- Avoid becoming dehydrated. Drink more fluids (non-alcoholic), regardless of your activity or thirst level. *Warning: If your doctor generally limits the amount of fluid you drink or has you on water pills, ask your doctor how much you should drink while the weather is hot.
- Don’t drink liquids that contain alcohol or large amounts of sugar. These actually cause you to lose more body fluid. Avoid very cold drinks - they can cause stomach cramps.
- Stay in a cool environment. If your home does not have air conditioning, go to a shopping mall or public library. Call 2-1-1 or (916) 498-1000 to see if there are any Cooling Stations in your area.
- Take a cool shower or bath, or moving to an air-conditioned place to cool off.
- Wear lightweight, light-colored, loose-fitting clothing.
- Never leave anyone or any animal in a closed, parked vehicle.
- Although anyone at any time can suffer from heat-related illness, some people are at greater risk than others. Check regularly on:
- Infants and young children
- People aged 65 or older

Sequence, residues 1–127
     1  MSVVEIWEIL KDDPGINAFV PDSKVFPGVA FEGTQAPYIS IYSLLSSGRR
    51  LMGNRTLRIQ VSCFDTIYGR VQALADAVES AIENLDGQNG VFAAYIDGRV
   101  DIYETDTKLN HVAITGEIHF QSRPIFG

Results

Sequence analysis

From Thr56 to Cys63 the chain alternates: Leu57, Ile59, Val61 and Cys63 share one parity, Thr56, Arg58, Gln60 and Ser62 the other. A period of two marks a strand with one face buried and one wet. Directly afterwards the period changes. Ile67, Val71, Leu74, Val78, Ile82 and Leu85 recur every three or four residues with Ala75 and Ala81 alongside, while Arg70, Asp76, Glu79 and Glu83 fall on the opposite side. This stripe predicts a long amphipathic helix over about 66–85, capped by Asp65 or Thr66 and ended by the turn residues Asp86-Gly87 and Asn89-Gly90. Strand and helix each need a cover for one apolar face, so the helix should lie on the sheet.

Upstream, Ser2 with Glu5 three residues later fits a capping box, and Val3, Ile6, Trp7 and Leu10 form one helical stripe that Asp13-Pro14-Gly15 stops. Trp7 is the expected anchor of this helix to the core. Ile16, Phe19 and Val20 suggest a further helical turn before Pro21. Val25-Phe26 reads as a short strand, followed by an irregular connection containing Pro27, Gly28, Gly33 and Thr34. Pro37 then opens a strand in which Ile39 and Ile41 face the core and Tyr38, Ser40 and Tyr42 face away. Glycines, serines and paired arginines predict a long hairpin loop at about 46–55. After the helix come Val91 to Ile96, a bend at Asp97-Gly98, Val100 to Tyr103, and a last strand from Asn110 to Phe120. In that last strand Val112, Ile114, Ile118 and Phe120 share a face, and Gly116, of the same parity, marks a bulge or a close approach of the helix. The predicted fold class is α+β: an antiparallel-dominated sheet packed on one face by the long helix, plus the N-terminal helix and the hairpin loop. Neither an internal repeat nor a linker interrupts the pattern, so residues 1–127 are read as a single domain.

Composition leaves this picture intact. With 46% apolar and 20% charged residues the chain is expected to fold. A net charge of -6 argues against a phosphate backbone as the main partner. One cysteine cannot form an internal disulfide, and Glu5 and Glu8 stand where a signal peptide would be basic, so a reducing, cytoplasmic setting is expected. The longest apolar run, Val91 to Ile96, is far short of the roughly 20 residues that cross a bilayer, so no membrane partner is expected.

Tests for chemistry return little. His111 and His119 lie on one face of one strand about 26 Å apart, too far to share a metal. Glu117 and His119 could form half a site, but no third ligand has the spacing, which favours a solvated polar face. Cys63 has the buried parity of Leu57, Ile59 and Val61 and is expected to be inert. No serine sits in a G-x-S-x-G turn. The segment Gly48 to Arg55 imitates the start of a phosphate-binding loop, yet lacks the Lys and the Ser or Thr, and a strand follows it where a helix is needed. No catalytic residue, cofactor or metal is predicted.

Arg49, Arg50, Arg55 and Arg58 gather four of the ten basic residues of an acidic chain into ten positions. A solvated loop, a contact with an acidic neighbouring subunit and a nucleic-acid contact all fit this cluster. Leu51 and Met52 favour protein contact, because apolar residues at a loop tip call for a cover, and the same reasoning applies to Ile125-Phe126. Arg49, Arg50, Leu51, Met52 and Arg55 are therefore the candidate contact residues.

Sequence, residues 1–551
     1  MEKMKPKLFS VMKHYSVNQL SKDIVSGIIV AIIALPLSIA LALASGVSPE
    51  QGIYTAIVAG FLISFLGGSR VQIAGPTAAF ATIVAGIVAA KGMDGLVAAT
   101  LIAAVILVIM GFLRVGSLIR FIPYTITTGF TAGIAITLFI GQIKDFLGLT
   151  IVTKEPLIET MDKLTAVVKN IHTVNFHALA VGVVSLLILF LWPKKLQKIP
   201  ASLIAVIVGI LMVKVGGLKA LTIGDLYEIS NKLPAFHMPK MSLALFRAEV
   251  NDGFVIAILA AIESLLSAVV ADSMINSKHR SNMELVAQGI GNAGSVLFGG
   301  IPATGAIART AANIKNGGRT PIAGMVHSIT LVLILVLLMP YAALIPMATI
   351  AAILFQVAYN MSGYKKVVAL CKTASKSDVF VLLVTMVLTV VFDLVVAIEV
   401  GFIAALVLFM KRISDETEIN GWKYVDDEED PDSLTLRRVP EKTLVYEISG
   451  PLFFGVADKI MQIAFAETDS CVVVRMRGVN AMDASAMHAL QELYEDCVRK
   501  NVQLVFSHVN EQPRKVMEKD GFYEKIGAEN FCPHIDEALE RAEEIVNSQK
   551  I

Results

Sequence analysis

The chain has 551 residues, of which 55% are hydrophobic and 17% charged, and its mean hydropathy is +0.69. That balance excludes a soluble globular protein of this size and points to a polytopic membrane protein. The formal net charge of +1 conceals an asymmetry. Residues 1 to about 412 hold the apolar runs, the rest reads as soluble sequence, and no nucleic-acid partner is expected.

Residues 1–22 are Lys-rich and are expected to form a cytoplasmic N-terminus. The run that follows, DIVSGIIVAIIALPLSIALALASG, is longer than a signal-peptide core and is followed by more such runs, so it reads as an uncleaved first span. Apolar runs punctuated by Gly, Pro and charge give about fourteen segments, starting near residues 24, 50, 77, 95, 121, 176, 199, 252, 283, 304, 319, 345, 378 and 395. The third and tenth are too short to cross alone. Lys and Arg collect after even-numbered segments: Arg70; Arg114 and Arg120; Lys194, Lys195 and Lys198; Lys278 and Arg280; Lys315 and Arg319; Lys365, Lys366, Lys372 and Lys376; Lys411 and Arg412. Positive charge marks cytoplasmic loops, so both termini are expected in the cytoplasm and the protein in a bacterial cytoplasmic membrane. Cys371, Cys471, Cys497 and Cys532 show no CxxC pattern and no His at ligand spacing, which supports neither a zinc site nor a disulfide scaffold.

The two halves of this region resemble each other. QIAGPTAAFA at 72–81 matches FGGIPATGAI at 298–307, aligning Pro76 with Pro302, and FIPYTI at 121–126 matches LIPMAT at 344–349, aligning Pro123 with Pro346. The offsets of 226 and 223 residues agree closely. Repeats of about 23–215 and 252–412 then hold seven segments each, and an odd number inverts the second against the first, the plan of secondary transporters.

- People who have a mental illness
- Those who are physically ill, especially with heart disease or high blood pressure
- Visit adults at risk at least twice a day, watching for signs of heat exhaustion or heat stroke. Infants and young children need more frequent watching.
- Limit your outdoor activity to morning and evening hours.
- Cut down on exercise. If you must exercise, drink two to four glasses of cool, non-alcoholic fluids each hour. A sports beverage can replace the salt and minerals you lose in sweat. Warning: If you are on a low-salt diet, talk with your doctor before drinking a sports beverage.
- Try to rest often in shady areas.
- Protect yourself from the sun by wearing a wide-brimmed hat, sunglasses, and wearing sunscreen of SPF 15 or higher (the most effective products say “broad spectrum” or “UVA/UVB protection” on their labels).